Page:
Good grief! I was so tired last night I went to bed at 8:30. The heat in Lome did me in. We got up just after 5:30 a.m. so we could be ready for our early morning start. No one was too peppy this morning! While we were waiting, the Captain made an announcement that we could not get into the port as a ship was occupying our space, and the port authorities would not let him use the tenders to take us in. Part of me was so happy that we didn’t have to do another sweaty day, and part of me was sad to miss the port. But before we had a chance to be happy or sad, the Captain went on to say that we would just be docking an hour later and then leaving an hour later. He is great…some other captains might have just sailed on.
Cotonou is the economic capital of Benin, as well as being the largest city, but Porto-Novo is the official capital. Cotonou was founded in 1830 to ease the crush of so many slaves passing through the other ports. In 1882, the French seized Ouidah and Cotonou and slavery was finally banned forever. In a single generation, the people of Benin quickly changed their ways, and went from being the most ruthless slavers to the best educated administrators and intellectuals in all of French West Africa.
Like many African countries, Benin gained its independence in 1960, and between 1960 and 1972, a succession of military coups brought about many changes in government. It has been an open democracy since the late 1980s.
The flag of Benin...
I loved the expression on his face...so gentle.
As we had the same bus as the day before, we knew we wanted one of those few seats where the window opened. Kathy and I made a dash for the bus. Today I could actually take some pictures without a dirty window in front of me, and get some air! This is the Congress Building which was designed by the Chinese. Quite distinctive! The President of Benin is elected and chooses his ministers to run the country.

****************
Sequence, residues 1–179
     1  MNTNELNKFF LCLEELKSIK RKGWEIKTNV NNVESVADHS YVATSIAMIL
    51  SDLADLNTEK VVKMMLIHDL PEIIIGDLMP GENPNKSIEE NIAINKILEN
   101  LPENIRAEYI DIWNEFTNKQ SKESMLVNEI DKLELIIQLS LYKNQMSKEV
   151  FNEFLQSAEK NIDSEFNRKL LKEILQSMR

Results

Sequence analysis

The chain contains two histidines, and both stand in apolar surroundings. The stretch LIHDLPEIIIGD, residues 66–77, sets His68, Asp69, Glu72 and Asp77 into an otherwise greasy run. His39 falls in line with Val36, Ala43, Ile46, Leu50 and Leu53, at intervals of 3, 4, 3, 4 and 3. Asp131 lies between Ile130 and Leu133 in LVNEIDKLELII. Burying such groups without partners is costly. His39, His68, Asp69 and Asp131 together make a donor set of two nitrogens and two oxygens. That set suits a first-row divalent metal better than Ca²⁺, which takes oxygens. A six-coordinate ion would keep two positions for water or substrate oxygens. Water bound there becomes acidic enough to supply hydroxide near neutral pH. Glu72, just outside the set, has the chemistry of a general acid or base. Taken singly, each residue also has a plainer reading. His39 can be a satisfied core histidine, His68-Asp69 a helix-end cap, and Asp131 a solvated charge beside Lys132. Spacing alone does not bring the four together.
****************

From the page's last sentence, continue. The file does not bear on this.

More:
The architecture on these buildings is very unique…
The children immediately swarmed you with their hands out asking for “un cadeau.” We were warned if we gave things to the children to make sure we had plenty or to do it discretely, otherwise the children start fighting with each other to get the items. We saw this happen when one of our group started handing out candy. Next thing the children were fighting and pushing until one of the men came and shooed them away.
They used gasoline to light the baskets on fire, often putting it in their mouths and blowing it into the fire.
Rich's Ganvie video...
An elderly lady pulled up next to us with baskets of greens and what looked like yams. Marceline quickly negotiated with her and filled two bags.
At one point we saw a car with its wheel completely bent and broken. Alain, our driver, wasn’t going to let that stop us. Without missing a beat, he just drove up onto the sidewalk and starting driving down it without even slowing down. We were either going to make it back by 5:30 or die in the attempt!
This person was trying to cut across the “median” and got hung up.
We now have four wonderful sea days before we get to Namibia…